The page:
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  • Sarah@YokyWorks

Why Telling Children Stories About Their World is Crucial for Learning

Did you know telling stories helps us teach children to read? According to story coach Lisa Cron, our children’s brains and our own are positively wired for story - humans “think in story because story provides a context for the facts so we can make sense of them.” As Cron puts it, we are the main characters in our own life stories and “we assess everything we encounter - whether physical, conceptual, or social - based on the effect it will have on us.” The best reading teachers tell stories to help their students feel comfortable and connected during their learning process, but parents can also use storytelling to support their children’s learning.

Telling stories to help children remember

Have you ever had the experience of telling a child a piece of important information that they promptly forget? When I was growing up, I could never remember my grandfather’s phone number. One day, my mother decided to turn the digits into a story and everything changed. That meaningless string of numbers, 481-9528, took shape as a dramatic tale of numerical cannibalism in which four “ate” one while nine, five and two “ate.” Twenty-five years later, I still remember my grandfather’s phone number! These strange, silly, and relatable stories can also help children remember as we teach them to read.

Tapping into your child’s unconscious brain

As behavioral scientist Dr. Jennifer Aaker points out, we are twenty two times more likely to remember something we learned in a story than something someone explained to us. One of the reasons storytelling works so well is that it taps into your child’s cognitive unconsciousness - the part of the brain that decides which pieces of information to pay attention to and which pieces to filter out. My mother’s story worked because it tapped into sensations and emotions - the act of eating and the fear of being eaten - that my cognitive unconscious already deemed important. As Cron discusses, this part of the brain "knows our story, inside and out" and acts as a powerful filter that "evolved with one goal: to keep us alive and breathing and our sense of self happily intact." Teaching your child new information with a story that fits their understanding of themselves can help prevent their cognitive unconscious from letting it go.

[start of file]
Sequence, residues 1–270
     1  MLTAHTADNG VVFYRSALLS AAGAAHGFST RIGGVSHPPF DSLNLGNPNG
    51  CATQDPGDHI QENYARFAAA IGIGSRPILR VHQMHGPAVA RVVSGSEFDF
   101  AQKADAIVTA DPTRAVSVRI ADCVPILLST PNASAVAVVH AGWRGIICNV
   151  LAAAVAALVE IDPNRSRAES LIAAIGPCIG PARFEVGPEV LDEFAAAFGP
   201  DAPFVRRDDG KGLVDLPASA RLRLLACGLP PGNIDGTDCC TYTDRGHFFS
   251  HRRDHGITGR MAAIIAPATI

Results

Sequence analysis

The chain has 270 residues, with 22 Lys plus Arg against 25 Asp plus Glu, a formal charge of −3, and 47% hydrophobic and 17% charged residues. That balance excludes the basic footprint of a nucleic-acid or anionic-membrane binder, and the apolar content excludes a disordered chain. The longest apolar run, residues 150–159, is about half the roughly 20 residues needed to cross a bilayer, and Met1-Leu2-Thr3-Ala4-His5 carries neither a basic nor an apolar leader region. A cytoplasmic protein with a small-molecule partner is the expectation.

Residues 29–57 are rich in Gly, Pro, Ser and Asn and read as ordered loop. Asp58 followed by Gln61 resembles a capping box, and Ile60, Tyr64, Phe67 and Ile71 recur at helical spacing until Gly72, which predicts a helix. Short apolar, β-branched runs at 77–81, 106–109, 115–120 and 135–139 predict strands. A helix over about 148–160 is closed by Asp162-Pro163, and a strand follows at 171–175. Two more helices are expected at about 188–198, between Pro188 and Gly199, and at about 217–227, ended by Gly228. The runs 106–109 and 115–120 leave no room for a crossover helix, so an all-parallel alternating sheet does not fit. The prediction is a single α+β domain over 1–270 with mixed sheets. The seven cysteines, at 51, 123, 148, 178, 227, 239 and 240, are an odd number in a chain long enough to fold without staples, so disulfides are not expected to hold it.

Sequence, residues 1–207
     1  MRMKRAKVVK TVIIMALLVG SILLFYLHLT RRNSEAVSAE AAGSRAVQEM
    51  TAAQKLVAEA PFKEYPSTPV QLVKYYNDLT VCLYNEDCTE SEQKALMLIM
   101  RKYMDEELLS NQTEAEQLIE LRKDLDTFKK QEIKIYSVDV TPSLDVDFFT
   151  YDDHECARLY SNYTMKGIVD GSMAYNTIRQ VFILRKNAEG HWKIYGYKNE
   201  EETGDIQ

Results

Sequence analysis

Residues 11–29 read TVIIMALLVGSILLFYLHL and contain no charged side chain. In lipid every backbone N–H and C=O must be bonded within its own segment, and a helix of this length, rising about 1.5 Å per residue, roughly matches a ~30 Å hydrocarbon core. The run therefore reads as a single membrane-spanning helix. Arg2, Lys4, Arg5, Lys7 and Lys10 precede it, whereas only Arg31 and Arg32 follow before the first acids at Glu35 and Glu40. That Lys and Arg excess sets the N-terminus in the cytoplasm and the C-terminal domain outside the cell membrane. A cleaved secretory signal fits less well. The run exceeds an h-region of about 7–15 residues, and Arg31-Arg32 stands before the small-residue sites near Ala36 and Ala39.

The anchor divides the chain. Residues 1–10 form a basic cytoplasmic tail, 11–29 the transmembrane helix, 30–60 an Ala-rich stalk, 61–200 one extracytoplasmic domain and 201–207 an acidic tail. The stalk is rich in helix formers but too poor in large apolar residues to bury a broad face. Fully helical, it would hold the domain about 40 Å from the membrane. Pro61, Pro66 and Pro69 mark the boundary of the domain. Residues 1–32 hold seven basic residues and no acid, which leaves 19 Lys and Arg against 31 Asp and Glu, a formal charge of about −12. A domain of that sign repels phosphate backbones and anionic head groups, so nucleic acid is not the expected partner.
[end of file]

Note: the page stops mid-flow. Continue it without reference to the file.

Teaching children to read with stories

While reading is not a natural process, stories can also help children create those neural connections necessary for interacting with text. In fact, for Jane Milan storytelling is a crucial part of teaching children to read and spell. She often tells a funny story about a pair of twins named Brian and Cody (kids just like her students) whose distinctive personalities help children understand why words like “happy” have two p’s instead of just one. Incorporating stories into children's literacy development helps seemingly boring spelling rules come to life. These stories give the cognitive unconscious something to hook into by relating spelling to the child's sense of themselves and what they value.

If your child struggles with memory, try telling them a story that fits with the way they see the world. I bet you’ll be surprised how much more they will learn and remember.

*YokyWorks is a affiliate and will earn a small commission if you purchase books linked in this post through our affiliate site.


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